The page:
An Animist Revival? Madness.

  “Normality” in the light of délire, technical logic in the light of Freudian primary processes—a pas de deux towards chaos in the attempt to delineate a subjectivity far from dominant equilibria, to capture its virtual lines of singularity, emergence and renewal—eternal Dionysian return or paradoxical Copernican inversion to be prolonged by an animist revival?  At the very least an originary fantasm of a modernity constantly under scrutiny and without hope of postmodern remission.  It’s always the same aporia: madness enclosed in its strangeness, reified in alterity beyond return, nevertheless inhabits our ordinary, bland apprehension of the world.  But we must go further: chaotic vertigo, which finds one of its privileged expressions in madness, is constitutive of the foundational intentionality of the subject-object relation.  Psychosis starkly reveals an essential source of being-in-the-world. 

Félix Guattari, Chaosmosis: An Ethico-Aesthetic Paradigm, trans. Paul Bains and Julian Pefanis (Indiana, 1995), p. 77.

The New Deleuze

How many books on Deleuze are coming out in the next year?  A lot.  The Deleuzian trend is far from waning.  However, the trends is transforming, growing rhizomatic offshoots.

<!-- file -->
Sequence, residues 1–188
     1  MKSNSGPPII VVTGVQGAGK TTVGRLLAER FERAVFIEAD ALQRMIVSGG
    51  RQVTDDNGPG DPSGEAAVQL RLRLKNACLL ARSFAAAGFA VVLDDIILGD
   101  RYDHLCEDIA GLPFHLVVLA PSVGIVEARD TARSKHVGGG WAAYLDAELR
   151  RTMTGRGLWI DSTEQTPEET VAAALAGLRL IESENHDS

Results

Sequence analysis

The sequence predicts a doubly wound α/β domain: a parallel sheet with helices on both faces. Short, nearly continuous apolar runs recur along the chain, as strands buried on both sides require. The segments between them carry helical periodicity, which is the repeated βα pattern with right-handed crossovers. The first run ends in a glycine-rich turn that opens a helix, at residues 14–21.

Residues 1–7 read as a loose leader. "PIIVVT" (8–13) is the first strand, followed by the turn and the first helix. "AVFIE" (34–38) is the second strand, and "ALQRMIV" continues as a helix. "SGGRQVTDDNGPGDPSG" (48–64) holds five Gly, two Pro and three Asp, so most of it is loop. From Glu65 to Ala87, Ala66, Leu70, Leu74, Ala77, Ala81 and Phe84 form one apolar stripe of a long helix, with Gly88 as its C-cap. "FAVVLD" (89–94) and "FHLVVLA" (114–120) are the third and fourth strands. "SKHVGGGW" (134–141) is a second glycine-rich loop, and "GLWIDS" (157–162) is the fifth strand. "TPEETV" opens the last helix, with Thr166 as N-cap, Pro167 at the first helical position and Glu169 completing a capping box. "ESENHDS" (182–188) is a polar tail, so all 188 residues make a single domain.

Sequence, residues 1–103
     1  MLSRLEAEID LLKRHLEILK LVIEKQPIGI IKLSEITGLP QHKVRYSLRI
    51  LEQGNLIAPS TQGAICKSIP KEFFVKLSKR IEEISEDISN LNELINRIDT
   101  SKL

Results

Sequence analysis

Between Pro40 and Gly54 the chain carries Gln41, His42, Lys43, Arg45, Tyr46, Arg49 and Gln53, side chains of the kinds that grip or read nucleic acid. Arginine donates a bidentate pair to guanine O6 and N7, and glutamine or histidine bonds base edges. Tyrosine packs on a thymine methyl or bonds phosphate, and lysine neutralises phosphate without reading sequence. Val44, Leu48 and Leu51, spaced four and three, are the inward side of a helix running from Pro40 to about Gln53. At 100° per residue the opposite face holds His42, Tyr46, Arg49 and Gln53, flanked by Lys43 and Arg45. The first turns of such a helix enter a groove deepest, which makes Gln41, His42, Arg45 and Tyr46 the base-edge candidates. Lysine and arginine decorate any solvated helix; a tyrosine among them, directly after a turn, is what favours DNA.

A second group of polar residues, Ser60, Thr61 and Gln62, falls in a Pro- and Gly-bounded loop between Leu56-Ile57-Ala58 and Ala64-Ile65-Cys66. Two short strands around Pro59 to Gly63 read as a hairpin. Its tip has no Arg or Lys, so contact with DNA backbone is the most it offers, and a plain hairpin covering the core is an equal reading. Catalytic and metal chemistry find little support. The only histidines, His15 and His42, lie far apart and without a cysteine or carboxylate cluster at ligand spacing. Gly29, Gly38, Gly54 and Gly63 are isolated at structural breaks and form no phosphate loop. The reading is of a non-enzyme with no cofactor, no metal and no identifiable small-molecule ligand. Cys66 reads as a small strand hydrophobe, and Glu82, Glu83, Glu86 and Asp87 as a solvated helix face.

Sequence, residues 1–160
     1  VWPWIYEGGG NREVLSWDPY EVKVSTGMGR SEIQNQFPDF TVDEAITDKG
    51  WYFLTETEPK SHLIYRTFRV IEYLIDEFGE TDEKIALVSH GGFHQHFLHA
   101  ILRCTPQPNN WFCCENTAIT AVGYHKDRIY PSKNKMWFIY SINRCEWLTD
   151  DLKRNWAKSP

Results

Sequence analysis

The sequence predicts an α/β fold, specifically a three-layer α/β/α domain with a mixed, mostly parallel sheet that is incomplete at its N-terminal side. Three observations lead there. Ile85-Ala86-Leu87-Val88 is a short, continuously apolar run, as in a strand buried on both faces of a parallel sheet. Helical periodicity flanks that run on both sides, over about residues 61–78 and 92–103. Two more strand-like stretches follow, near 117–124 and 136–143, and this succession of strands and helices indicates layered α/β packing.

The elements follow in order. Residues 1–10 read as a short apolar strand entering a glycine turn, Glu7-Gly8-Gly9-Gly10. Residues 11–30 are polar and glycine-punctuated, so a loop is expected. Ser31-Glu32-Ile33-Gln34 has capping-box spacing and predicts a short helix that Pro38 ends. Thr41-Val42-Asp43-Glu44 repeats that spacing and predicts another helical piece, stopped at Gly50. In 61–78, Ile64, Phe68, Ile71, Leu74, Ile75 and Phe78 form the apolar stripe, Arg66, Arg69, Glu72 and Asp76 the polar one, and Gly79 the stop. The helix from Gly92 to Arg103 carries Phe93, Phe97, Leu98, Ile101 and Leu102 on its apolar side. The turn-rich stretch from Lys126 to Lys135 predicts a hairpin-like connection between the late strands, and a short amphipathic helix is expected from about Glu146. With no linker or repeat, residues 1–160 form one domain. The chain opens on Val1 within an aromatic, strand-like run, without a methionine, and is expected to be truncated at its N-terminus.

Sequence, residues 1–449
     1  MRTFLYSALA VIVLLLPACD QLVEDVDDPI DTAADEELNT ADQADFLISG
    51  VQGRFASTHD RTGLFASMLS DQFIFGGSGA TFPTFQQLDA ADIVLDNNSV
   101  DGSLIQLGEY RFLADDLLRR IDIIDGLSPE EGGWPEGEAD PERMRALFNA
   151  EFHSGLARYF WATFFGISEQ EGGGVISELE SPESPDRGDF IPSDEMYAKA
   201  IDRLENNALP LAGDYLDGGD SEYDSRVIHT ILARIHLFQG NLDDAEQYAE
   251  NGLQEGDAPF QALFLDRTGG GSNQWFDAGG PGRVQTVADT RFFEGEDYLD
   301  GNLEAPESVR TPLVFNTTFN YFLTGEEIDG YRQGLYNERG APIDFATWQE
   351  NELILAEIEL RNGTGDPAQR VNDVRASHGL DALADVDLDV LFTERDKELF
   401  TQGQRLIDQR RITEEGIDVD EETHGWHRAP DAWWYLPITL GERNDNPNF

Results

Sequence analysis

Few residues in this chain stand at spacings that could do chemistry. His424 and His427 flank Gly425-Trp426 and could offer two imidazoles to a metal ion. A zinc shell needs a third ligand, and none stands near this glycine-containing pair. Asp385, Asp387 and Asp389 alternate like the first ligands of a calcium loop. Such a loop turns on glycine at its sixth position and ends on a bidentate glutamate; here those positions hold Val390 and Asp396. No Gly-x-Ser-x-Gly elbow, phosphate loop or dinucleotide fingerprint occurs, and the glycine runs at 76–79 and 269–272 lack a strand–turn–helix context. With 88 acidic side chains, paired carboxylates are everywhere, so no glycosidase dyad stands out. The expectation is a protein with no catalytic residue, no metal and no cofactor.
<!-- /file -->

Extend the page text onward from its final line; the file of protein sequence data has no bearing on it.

There are a couple lines that I see developing in new Deleuze scholarship.  One is indicated by the name of Clayton Crockett’s forthcoming work, Deleuze Beyond Badiou: Ontology, Multiplicity, and Event.  Badiou’s reading of Deleuze has been very influential, yet it misses and misrepresents a lot of Deleuze’s thought (including Deleuze’s work with Guattari).  Deleuze isn’t necessarily the monistic thinker that Badiou portrays.  With the work of Crockett and many others, I think that Deleuze scholarship will continue to move “beyond Badiou,” and there is a multiplicity of directions available for such a move. 

Along with the move beyond Badiou, another growing edge in Deleuze scholarship is a turn toward the religious and spiritual folds of Deleuze’s thought, which could also be framed as an appropriation of Deleuze by fields of theology and religious studies.  Again, Clayton Crockett’s work is indicative of this turn, as he’s been using Deleuze to do political theology (see Crockett’s Radical Political Theology).  I’ve been interested in the spiritual/religious implications of Deleuze for years, and there has been relatively little written about it, with some notable exceptions, including works of process theologians (e.g., Catherine Keller, Roland Faber, Luke Higgins), the anthology Deleuze and Religion (ed. Mary Bryden), and an issue of the journal SubStance (39.1) on “Spiritual Politics after Deleuze.” 

 There are three books coming out soon that focus on Deleuze’s work in terms of theology, religion, and spirituality. 

Deleuze and Theology, by Christopher Simpson

Theology after Deleuze, Kristien Justaert 

The Hermetic Deleuze: Philosophy and Spiritual Ordeal, by Joshua Ramey